Hearing the Key of the Song (for Guitar)

Rather than always looking up the chords to songs, it is important to me to help students learn to hear and pick out the key and the chords themselves.

To start this exercise, I found a couple of songs with just one primary chord. Then I led students through a process of picking out that primary chord.

  1. Guess and check through the bass notes.
  2. Build a chord off of the bass note that fits.
    Try different voicings for the chord to find the closest match.

 

To start, “Run Through the Jungle” by Creedence Clearwater Revival. The only chord is D7 so students can play their open strings on guitar to see which best fits. Try a D Major chord with it (not bad), then try a D7 chord (way cool). This one also has a relatively simple guitar riff based on the D7 chord that repeats over and over and over again.

 

Then, we tried “Coconut” by Harry Nilsson. It is slightly trickier because the key is not an open string, it is a C. When building the chord, C Major works just fine but C7 is even better if it is in the student’s skill set. You can also work in the alternating bass line from C to G or go a step further and play with the fingerpicking over the chord.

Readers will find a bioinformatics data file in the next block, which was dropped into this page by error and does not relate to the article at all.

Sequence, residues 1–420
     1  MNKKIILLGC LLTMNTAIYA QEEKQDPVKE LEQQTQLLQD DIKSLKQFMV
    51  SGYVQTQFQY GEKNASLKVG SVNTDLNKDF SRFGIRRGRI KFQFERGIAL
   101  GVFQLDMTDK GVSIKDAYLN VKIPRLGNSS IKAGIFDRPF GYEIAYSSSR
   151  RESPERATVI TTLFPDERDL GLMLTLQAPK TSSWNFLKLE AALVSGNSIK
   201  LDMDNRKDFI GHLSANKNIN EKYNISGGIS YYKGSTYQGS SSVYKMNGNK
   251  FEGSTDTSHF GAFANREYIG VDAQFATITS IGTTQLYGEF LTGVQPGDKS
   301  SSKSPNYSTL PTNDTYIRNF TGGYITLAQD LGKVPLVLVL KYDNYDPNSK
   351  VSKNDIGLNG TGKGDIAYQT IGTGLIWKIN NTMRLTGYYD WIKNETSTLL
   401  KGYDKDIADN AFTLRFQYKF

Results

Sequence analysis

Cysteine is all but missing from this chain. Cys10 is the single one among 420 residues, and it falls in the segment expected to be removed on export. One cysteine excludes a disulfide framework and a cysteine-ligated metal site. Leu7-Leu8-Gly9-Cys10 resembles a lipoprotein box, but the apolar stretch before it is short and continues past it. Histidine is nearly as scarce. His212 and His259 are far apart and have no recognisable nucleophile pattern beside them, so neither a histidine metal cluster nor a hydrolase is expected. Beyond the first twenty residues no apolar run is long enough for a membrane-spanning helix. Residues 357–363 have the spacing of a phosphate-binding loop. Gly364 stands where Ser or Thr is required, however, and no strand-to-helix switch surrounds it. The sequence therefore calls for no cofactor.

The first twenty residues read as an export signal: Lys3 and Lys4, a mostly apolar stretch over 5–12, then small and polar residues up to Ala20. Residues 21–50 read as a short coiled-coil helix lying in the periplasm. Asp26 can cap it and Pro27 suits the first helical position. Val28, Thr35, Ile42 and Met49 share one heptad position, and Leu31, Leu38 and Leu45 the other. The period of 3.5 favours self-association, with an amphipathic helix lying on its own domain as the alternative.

Aretha Franklin’s “Chain of Fools” is a good one to try next. It is also based around a C but the chord is a Cm chord which could be played as a barre chord if it is in the student’s skill set or a partial barre chord on the bottom 4 strings. Alternating with a Cm7 fits well with this song too.

 

“Tomorrow Never Knows” by the Beatles is a good song to start hearing chord changes. The primary chord in the song is a C but towards the end of each stanza it goes down a whole step to a Bflat before landing back on a C. This pattern is repeated throughout. For students that have not yet mastered barre chords they can simply play along with the bass notes or power chords.

 

To continue work with walking down bass lines, I like to use “Champagne Supernova” by Oasis. The primary chord is an A throughout the song with the exception of the bridge. The bass line walks from A, down to G, then F#, then E.

 

These exercises are just a starting point for beginning to hear and match pitches to build bass lines and chords from. In addition, the last songs provide some exercises for continuing to work on hearing how pitches change as they move higher or lower by half steps or whole steps. More information about hearing I, IV, V chord changes and beyond is forthcoming!


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